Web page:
Knowledge House insiders guilty of fraud in collapse of e-learning company

Supported By:

Net Patrol International Inc.  Data Investigation and Forensic Services
Bankruptcy and Insolvency Trustees

Marc 9,2018 (courtesy of key players at Knowledge House have been found guilty of fraud in the collapse of the Halifax e-learning company.

Nova Scotia Supreme Court Justice Kevin Coady rendered his decision Friday morning after a marathon trial that spanned more than 150 court days over two years.

Former CEO Dan Potter and company lawyer Blois Colpitts were found guilty for their roles in a stock-price manipulation that artificially maintained Knowledge House share prices before they imploded in August 2001, triggering the company’s demise.

“This conduct not only put the economic interests of existing and potential [Knowledge House] shareholders at risk, but caused significant economic loss to numerous investors, known and unknown, and financial institutions,” Coady said in a 207-page written decision.

While the judge found Potter and Colpitts guilty on all five counts of fraud, he entered convictions only on the first two counts.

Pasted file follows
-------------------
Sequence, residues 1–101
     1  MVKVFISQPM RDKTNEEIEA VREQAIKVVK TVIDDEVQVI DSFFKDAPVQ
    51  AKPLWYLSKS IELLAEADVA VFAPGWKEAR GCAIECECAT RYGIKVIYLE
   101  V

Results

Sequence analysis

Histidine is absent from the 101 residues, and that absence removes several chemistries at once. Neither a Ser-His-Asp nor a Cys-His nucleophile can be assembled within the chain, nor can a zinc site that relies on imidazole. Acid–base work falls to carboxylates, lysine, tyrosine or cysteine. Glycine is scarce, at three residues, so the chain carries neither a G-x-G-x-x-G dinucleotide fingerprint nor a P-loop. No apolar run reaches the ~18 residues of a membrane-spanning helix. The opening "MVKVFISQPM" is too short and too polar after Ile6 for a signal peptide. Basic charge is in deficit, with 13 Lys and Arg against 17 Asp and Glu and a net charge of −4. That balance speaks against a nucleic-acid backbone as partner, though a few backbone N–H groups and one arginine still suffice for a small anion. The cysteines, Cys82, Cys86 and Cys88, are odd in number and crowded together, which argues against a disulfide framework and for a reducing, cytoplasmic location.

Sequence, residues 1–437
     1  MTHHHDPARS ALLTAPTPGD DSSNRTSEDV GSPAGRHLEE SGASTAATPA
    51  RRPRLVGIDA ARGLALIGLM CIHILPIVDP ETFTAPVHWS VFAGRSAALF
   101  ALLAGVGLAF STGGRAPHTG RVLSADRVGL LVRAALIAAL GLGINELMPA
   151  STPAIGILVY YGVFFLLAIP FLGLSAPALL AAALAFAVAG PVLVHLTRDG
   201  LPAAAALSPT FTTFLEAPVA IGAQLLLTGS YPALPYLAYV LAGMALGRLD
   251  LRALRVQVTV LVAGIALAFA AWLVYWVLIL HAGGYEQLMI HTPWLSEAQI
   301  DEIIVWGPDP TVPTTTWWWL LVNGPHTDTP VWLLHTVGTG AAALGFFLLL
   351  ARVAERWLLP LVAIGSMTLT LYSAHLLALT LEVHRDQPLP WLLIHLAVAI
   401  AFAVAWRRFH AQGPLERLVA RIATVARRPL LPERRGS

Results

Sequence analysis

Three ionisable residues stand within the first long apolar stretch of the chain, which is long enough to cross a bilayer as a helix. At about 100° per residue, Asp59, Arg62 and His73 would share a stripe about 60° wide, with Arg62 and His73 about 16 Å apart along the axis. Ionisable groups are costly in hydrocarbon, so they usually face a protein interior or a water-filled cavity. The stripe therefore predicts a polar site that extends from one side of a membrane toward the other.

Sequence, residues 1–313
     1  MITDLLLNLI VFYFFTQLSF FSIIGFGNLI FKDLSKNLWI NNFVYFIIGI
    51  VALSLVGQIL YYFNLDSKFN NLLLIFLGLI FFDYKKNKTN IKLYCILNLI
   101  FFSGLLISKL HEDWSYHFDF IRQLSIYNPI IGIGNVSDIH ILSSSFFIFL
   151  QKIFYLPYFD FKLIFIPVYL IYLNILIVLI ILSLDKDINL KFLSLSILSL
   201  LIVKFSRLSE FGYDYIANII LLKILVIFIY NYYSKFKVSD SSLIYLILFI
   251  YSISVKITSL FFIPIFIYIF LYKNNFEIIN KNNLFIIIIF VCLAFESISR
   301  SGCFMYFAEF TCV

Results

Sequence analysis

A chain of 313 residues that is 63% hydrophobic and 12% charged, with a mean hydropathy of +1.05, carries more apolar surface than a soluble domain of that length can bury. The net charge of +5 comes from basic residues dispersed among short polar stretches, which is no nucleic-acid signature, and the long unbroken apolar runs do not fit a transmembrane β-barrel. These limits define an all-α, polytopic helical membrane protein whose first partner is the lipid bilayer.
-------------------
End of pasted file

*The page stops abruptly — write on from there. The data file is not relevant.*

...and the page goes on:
The judge said the conspiracy to maintain share prices spanned 18 months and involved spending more than $11 million to buy 50 per cent of the Knowledge House shares that crossed the Toronto Stock Exchange (TSX).

He said he used different accounts to continually buy the stock to make sure the price didn’t decrease and, in the process, spent millions to keep the stock price rising. He said Clarke also actively discouraged people from selling their stocks.

“This was an incredibly sophisticated fraud,” Martin said. “He spent millions of dollars over the course of 18 months doing what they could to make sure the price of Knowledge House did not fall.”

Martin said the fraud amounted to $31 million in total.